A useful addition to the range of UK rail atlases. Ideally you would need a copy the Pre Grouping Atlas [[ASIN:B0092ZPBIK British Railways Pre-Grouping Atlas And Gazateer]as well as it doesn't show which rail company a particular line belongs to but it does give a very clear 'then & now' picture of UKs railways. I could only find one small error, Wolverton Works is not shown on the 'now' map but is still very much functioning.
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on 11 October 2012
This is probably my fourth or fifth Railway Atlas - the others include Jowett (produced from laboriously hand-drawn/written and very detailed Biro/coloured pen originals) and Wignall (covering 1830-1981 now a bit out-of date. I find this Smith and Turner Atlas just right on the level of detail (mapping colours, line status and legends) supplemented with World Wide Web addresses so that any current activity can be researched further. Not wishing to detract from the superb value of this new volume I feel it might be useful to add that in order to "put lines into accurate geographical context" I keep firm hold of my 1960-62 vintage Readers Digest/AA Motoring Road Atlas which clearly locates most pre-Beeching lines near their (then) road pattern.
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on 4 November 2012
Slightly disappointed with this because of the small typeface used on the maps - making the maps very hard to read. There are wide margins on each page - why not use this space to make the maps slighly bigger? The concept is good, however, and overall it is a useful book.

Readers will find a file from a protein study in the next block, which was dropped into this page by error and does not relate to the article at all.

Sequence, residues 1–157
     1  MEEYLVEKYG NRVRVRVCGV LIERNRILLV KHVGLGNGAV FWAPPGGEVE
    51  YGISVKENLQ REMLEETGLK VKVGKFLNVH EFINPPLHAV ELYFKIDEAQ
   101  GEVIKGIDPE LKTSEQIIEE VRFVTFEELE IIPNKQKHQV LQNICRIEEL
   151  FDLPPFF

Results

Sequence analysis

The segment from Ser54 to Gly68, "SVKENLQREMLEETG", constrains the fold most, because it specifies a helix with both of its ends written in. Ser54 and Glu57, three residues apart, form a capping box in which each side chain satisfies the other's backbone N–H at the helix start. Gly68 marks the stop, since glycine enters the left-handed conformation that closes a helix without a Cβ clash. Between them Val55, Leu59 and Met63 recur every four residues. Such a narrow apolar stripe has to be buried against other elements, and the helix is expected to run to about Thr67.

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on 12 January 2013
Having read several very good and not so good reviews regarding this publication I decided to purchase it. I'm very pleased that I did. Although the maps are not as big as they could be the information is first class. I did not find the colours on the 2012 maps confusing as some reviewers have reported but you do have to really study each map to appreciate the amount of information contained. If I was to try to find a complaint it would have to be that unlike a road atlas the maps do not overlap. So if you are trying to follow a particular route it can sometimes be confusing working out which railway line is which on the 1923 maps. Due to all the line closures there's no such problem in the 2012 maps of course.

It's a book you'll pick up time and time again rather than just read and file in a bookcase. All in all a first class publication and if you've any interest in what railways Britain had 90 years ago compared to now, well worth the money.
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on 27 August 2015
It's not long since the first edition came out but, even so, much has been to improve content and presentation for those like me obsessed with railway archaeology and admiration for those Victorian generations who got things done, albeit at heavy human cost.